Dear friends near and far

As always, I hope this message finds you well, healthy and happy. Today’s Guru Rinpoche Day marks the birthday of Maha Guru Padmasambhava. So, on this special day, I would like to talk to you about dignity, a crucial quality for all of us to develop. 

We all have different predispositions when it comes to developing dignity. It may come very easily to some, and be quite the opposite for others. So what’s the secret to gaining dignity? I can’t say there’s a magical solution—but I think it’s important to understand the difference between dignity and confidence. The confidence you might have at work, in your life, in social gatherings and the like is not the same as the dignity which is actually inherent to your nature, or your mind. Therefore, the only way to develop dignity which I think really works for all—on both the secular and the spiritual planes—is to meditate. Meditation is focusing the mind so that it can slow down and not jump so easily into negative thought patterns. The experiences of calm and fulfillment that meditation brings about, though short at first, bring us trust and stability. From this basis, it’s then important to introduce the element of dignity.

Now, a key difference between dignity and confidence is that confidence is usually associated with some kind of activity, or a way of relating to others, of impressing them. Dignity, however, does not need to be associated with anything or anyone—or in fact with anyone’s opinion of you. Dignity is inherent to your nature; it is an innate, pure quality of the mind. Dignity, therefore, can be developed through the cultivation of compassion, through meditation, and through gaining some spiritual experience. 

The interesting things is, when you have true dignity, then your critical, judgmental mind eases off, or even disappears altogether. So a good marker to look out for is that dignity is accompanied by reduced judgment. Someone who is very judgmental does not have true dignity, though they can be proud, or confident. Therefore, though confidence and pride may look like dignity at first glance, when you examine them a bit closer, the major difference is that pride and confidence are tainted, they are not pure: both pride and confidence are very much affected by other people’s opinions or judgment. Dignity, in that sense, is the very opposite, because it cannot be affected by others; it is a very pure, untainted experience.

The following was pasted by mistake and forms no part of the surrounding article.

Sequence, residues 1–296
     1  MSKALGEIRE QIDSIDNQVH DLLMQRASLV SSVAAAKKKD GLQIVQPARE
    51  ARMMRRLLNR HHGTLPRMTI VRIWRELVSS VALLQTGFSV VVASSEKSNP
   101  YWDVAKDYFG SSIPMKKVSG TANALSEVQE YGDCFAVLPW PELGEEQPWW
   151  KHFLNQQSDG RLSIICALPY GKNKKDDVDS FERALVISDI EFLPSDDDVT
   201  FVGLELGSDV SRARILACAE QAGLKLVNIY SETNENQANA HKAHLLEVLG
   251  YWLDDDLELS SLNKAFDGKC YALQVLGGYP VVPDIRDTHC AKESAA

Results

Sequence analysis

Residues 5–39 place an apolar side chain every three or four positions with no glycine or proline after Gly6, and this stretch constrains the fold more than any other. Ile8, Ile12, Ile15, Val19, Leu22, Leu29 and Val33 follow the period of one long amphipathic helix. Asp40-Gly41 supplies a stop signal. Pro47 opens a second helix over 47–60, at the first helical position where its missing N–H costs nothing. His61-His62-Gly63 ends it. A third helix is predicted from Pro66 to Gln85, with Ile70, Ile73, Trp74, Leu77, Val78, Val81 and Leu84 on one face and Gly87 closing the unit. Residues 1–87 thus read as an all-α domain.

All this can be a bit tricky to explain because many of us don’t have experiential knowledge of these qualities and the differences between them, and we may therefore misunderstand or misinterpret our experiences. That is why we really need to meditate and gain experience. But before meditating, it is important to set our intention: that we wish to gain dignity through this meditation. This, and genuine compassion, are the key ingredients to developing dignity.

In brief, what I wish to say through this rather long explanation, is that I wish for all of you who are receiving this email to gain some dignity—or in fact complete dignity—so that you may experience peace and calm in your lives. With these qualities, life becomes a joyful, positive experience—so may you all realize dignity!

With thanks, and sending all my love and prayers,

Sarva Mangalam,

Phakchok Rinpoche


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